1. national service program [how long did Mr Brooks serve in the armed forces?]
  2. protect our national heritage? In the Boston area that would mean stopping development of Hanscom AFB so that Minuteman National Park would not shudder under the glidepath of jetliners.
  3. America's exceptional mission: excuse me? The constitution sets forth our mission and the first, and by most accounts the most revered steward of that document urged us in strongest terms to avoid foriegn entanglements...and THAT George W meant avoiding political and military interventions and adventures, not trade, which as a colonist he knew damn well we needed desperately. The next "mission" that turned up in American politics was "manifest destiny" , an election slogan of Jackson Democrats prior to the Civil War. Shouldn't we finish up one mission before going onto liberate the entire world? I say annex Canada! [and we'd recoup all those draft dodgers!...yes, I am having a hard time taking his suggestion seriously]

The comparison by commenters of these vague solutions to political devices of the Nazis does not surprise me. I do not recognize those 3 programs as the "Lost tradition of American politics". I wish he could get back to the topic. At that paragraph, I conclude Brooks only meant to raise the issue of the absence of a progressive choice on ballots and then drop it for another topic. I too write good like that also...how much them NewYorks Time pay Mr. Brooks?

5 comments:

Ricia said...

"Or it could go the other way and oligarchy-conservatives could easily smear a "progressive party" start up of the sort I think you mean with a campaign of "its just a euphemism for the L word"."

- In Canada we have a party that is the result of a merger between right-centre, hard-right, and fundamentalist parties.. When the deal was done, they decided to call it the "Progressive Conservative Party of Canada".

- Canada has almost, nearly, completely, been annexed. With little glee but with little resistance in fact.

Glad to have found your blog(s). Thanks.

GreenSmile said...

And I am glad you have a sense of humor...probably a necessary survival skill when you have been saddled with the drunken 800 pound gorilla of world politics for a neighbor.

I will endeavor to merit your occasional future visits.

I should study Canadian politics a bit more closely. Was this merger of right leaning [or had they fallen over completely] parties a convenient alliance to forge [in some sense of that word] a parlimentary majority or was it a shotgun wedding in the presence of dwindling memberships?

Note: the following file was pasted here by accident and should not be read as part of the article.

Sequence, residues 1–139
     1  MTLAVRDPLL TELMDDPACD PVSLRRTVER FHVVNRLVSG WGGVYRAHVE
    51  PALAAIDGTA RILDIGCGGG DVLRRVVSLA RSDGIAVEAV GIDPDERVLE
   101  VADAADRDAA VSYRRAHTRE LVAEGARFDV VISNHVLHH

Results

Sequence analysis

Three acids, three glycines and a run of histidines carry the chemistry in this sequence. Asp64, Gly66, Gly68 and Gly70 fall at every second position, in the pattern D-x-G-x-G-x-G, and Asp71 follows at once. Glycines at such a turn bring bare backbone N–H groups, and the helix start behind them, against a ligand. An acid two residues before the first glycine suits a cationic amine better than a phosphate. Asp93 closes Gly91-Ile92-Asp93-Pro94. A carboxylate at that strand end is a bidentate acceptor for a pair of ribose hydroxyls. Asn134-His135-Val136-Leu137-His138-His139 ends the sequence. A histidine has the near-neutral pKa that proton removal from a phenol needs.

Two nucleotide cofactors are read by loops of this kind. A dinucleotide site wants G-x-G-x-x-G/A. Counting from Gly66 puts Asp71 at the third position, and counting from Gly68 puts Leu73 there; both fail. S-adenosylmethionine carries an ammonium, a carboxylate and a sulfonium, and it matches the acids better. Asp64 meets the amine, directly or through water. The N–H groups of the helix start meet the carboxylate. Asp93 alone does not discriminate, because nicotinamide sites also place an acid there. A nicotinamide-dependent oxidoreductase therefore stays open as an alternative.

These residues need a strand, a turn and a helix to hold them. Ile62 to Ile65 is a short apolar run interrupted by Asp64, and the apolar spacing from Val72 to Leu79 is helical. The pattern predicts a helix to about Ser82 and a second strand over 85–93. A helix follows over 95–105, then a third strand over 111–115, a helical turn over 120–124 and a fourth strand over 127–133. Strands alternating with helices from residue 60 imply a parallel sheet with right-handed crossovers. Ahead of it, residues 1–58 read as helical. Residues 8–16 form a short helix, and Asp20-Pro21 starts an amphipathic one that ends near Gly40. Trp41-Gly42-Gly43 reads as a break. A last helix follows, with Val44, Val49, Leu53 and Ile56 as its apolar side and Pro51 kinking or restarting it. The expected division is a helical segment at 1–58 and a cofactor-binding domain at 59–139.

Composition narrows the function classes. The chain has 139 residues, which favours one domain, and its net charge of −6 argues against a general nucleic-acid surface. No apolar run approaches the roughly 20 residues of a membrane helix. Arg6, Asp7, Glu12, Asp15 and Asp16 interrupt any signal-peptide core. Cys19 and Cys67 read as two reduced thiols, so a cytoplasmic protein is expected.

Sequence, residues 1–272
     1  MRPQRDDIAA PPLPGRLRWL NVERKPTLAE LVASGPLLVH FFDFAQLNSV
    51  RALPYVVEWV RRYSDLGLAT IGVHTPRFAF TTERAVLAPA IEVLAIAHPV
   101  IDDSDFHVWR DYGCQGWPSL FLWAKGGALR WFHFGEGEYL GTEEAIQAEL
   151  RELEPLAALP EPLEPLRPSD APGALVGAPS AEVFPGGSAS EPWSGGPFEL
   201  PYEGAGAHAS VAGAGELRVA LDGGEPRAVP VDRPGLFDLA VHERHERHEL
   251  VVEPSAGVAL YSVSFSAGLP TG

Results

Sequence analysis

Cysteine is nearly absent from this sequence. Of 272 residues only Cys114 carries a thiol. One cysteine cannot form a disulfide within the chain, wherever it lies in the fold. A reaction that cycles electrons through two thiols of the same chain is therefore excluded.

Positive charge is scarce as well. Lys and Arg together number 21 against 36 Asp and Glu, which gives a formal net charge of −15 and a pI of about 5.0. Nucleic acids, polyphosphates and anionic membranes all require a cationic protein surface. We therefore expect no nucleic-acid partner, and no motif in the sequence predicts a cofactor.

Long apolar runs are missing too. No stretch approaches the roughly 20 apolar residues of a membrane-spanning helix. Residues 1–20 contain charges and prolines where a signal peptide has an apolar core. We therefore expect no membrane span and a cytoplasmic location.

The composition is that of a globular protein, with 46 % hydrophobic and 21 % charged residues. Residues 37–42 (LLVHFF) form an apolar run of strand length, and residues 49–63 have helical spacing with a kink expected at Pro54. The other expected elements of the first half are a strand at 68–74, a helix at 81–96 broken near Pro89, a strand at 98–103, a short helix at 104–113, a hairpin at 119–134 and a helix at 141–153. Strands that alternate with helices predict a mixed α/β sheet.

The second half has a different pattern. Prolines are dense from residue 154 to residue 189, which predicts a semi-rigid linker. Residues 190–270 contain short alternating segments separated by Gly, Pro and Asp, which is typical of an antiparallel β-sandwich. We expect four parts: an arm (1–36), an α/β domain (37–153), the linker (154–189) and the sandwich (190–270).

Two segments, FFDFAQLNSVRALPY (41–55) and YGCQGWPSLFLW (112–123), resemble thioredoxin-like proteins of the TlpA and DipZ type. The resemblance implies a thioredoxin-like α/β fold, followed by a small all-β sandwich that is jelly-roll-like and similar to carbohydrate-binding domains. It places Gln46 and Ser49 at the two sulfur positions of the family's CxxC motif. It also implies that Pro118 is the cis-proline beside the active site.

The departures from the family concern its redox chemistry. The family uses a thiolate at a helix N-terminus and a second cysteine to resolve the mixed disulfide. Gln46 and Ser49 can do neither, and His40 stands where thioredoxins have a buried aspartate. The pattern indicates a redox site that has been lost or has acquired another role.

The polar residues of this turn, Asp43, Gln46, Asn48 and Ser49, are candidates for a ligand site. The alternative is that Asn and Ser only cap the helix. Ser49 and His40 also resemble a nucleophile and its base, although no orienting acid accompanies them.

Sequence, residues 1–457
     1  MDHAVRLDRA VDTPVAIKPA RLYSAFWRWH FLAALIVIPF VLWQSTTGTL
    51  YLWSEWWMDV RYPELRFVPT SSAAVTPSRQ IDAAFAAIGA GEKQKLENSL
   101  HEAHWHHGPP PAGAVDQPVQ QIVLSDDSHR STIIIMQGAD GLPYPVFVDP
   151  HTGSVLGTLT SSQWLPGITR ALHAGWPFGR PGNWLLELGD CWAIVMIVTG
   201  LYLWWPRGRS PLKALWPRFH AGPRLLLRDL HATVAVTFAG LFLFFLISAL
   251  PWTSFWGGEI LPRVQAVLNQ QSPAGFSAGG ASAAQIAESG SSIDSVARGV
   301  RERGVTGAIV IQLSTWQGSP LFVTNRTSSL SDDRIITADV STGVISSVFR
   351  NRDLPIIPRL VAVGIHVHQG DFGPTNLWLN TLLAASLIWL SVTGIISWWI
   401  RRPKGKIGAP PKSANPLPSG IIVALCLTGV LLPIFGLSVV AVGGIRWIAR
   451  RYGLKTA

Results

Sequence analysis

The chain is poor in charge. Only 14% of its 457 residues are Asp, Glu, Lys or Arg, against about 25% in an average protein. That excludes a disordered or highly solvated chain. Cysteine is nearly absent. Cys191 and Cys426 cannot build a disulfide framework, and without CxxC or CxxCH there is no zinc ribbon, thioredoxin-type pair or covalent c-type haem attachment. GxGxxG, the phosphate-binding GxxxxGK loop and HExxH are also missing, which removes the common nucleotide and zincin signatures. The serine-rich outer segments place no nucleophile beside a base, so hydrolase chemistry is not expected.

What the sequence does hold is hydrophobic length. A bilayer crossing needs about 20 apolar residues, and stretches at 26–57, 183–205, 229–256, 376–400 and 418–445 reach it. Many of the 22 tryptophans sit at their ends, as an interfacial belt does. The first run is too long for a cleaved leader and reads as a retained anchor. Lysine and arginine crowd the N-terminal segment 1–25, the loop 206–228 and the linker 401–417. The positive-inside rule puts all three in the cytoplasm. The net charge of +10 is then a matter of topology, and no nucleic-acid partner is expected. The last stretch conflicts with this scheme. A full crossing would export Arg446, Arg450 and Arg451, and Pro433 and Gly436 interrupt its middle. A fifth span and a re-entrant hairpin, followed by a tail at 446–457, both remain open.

Ricia said...

Both (convenient but, hard to sell - then shotgun as a very multi-party-breaking election was approaching that would have truly fragmented 'the right'). A fairly recent event actually. Funny to think we were soooo close to victory (fragmenting the 'right')...

The result however, is that we can now enjoy the two-party race up here too, and expect to see it this way for a long time yet to come. We too get divied up in the polls as "liberal" or "conservative" (akin to the democrats or republicans, respectively). And this of course generates a broad range of misleading and ill-defined / re-defined words (such as liberal and conservative... and... progressive.).

There are actually many parties to vote for but the merger kind of locked us all into a so-called "strategic voting" position and for the most part, supports a continual decline in voter turnout... Sounds familiar, yes?

GreenSmile said...

Familiar. Depressingly familiar.
Take any writing about politics, as professional and mainstream as you please and read it. Words like "conservative" will stud such documents as if the author was certain that all readers would have the same understanding. Here is a current sample and yet, I do NOT feel like I know what the word means. If I get any clue, I will surely post my finding.

I am under the impression that the emergence of two-party power schemes when there is not any law saying what parties there ought to exist is a long term consequence of the electoral math: simple majority or plurality and winner-take-all. I hear the Aussies do the math a bit different. How many beasts in their political zoo? I gotta go see.

Ricia said...

Yes, electorial math and much efforted political strategy and propaganda. All combined, well, it's working.

It seems that politics is all about Hegelian debate and circumstances now... An emphasis on binary concepts, language, dliberations. There is only 'yes' and 'no', right and left, (or down south it seems ya can throw in "good" and "evil" too) and everyone is playing to / within the confines of this fundamentalist logic. What's truly wrong and dishearting (for me) is that it is the so-called 'right' (the neo-con) that has set the terms and parameters of that logic, 'the other' party just bounces off whatever they produce.

I think, though I may be confused, that Australia started using proportional democracy (is it true?). Something "another" party here is avocating with at least some resemblance of success.